Child support is every parent’s responsibility, and most parents who pay child support make it a priority. If you are divorcing, or if you never married your child’s other parent and you live separately, you may be ordered by a New York family court to make child support payments.
But what happens if your life changes after a child support order has been issued, and you are not able to make the child support payments that you’ve been ordered to make? In Western New York, you are going to need help from an experienced Rochester family law attorney.
HOW ARE CHILD SUPPORT PAYMENT AMOUNTS DECIDED?
To calculate the child support amount that a non-custodial parent will be ordered to pay, New York family courts use child support guidelines based on the combined income of both parents. It is a complicated formula that takes a number of factors into account.
However, New York family courts may deviate from these guidelines in particular situations. For example, if a non-custodial parent’s income is below the federal poverty line, or if that parent has excessively high medical bills and no health insurance, the court takes these factors into account.
After a child support order has been issued by the court, what happens, for example, if you lose your job, if you are injured and temporarily out of work, or if for some other reason you cannot make the child support payments ordered by the court?
WHAT CAN HAPPEN IF YOU FAIL TO PAY CHILD SUPPORT?
You can’t simply stop making payments. Child support collection is aggressively enforced in New York, and if you do not make court-ordered child support payments, you’ll face legal penalties that could include having your:
- driver’s license suspended
- state and/or federal income tax refunds intercepted
- assets frozen
- passport request denied
- lottery winnings intercepted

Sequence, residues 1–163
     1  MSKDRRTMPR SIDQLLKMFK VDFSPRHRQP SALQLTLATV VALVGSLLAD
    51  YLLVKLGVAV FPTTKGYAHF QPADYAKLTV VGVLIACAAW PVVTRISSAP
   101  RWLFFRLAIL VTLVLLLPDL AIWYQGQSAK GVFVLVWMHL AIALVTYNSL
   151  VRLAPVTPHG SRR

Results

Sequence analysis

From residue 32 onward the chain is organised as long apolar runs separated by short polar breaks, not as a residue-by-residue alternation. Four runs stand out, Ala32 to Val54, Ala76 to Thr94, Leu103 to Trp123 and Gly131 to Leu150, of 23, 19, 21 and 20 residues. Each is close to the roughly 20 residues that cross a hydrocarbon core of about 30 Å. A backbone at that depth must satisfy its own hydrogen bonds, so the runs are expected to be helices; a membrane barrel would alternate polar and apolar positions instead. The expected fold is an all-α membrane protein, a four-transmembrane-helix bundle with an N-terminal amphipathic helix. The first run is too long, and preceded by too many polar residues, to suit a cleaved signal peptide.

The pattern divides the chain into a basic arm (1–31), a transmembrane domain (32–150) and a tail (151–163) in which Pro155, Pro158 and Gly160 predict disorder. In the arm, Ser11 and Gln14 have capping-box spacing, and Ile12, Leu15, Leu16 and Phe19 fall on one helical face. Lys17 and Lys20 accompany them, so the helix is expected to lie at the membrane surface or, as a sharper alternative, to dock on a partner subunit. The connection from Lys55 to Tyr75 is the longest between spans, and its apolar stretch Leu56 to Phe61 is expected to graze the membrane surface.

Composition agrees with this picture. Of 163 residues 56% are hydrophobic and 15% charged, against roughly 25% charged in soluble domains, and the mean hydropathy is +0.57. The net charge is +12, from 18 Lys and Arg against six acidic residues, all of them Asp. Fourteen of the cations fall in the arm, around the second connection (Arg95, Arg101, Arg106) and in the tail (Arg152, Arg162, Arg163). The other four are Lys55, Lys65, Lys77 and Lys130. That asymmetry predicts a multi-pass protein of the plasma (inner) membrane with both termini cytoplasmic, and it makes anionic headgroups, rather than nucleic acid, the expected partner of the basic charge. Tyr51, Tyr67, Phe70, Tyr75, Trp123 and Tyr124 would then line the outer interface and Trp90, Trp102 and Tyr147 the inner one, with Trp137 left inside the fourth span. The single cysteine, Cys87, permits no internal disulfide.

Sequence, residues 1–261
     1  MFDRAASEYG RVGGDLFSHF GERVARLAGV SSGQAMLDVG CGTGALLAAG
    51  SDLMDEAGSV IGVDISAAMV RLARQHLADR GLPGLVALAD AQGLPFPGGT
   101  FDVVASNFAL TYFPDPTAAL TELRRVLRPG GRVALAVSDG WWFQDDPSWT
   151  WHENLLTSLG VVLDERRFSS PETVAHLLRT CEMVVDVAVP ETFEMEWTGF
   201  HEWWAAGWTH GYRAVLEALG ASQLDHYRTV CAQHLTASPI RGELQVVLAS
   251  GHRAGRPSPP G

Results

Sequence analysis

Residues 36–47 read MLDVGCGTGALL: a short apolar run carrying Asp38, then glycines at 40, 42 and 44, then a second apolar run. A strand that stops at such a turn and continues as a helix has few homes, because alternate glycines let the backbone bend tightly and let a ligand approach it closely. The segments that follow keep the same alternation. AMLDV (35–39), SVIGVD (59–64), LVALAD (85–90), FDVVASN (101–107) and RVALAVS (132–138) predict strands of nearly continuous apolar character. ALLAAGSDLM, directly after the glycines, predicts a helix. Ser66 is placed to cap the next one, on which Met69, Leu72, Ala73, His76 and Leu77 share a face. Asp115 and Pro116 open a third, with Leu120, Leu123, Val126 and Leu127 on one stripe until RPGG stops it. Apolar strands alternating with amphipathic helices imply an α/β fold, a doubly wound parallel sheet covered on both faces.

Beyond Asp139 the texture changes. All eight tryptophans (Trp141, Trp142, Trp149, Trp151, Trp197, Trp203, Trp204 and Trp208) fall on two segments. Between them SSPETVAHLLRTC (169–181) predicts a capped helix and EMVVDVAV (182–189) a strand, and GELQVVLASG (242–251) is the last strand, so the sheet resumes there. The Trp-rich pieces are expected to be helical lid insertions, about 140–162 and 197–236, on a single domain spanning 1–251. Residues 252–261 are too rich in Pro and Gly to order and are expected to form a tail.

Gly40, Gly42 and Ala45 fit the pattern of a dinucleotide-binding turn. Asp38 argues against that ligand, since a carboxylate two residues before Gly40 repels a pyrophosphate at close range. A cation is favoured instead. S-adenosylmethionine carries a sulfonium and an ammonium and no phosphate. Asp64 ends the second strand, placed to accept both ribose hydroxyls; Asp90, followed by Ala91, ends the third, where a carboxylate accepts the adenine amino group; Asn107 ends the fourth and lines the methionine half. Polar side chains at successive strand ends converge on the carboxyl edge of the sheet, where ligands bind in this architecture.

- professional license(s) suspended
If you are unable to pay child support – in other words, if you are unable to meet the terms and conditions of the court’s child support order – what are your options? If you don’t pay your child support on time, your arrears will begin piling up. The state will take steps to collect that money.
HOW CAN A CHILD SUPPORT ORDER BE CHANGED?
Life changes. You don’t expect to divorce when you marry, and you don’t expect to lose a job when you get hired. No one knows the future. A child support order may quickly – or eventually – become outdated or impractical, so the courts sometimes modify child support orders.
The law in New York provides for changing circumstances, but the parent whose circumstances have changed is the person who must make the modification request.
If you are unable to make the child support payments that you’ve been ordered to make, you will need to file a petition for child support modification with the court – and you’ll need to do it immediately – with the help of an experienced Rochester family law attorney.
WHEN WILL A NEW YORK COURT MODIFY A CHILD SUPPORT ORDER?
Child support payment amounts can be modified by the court when there is a substantial change of circumstances in the lives of either parent or any of their children. In the State of New York, a substantial change of circumstances may include but is not necessarily limited to these situations:
- A parent is demoted, becomes unemployed, or accepts new employment.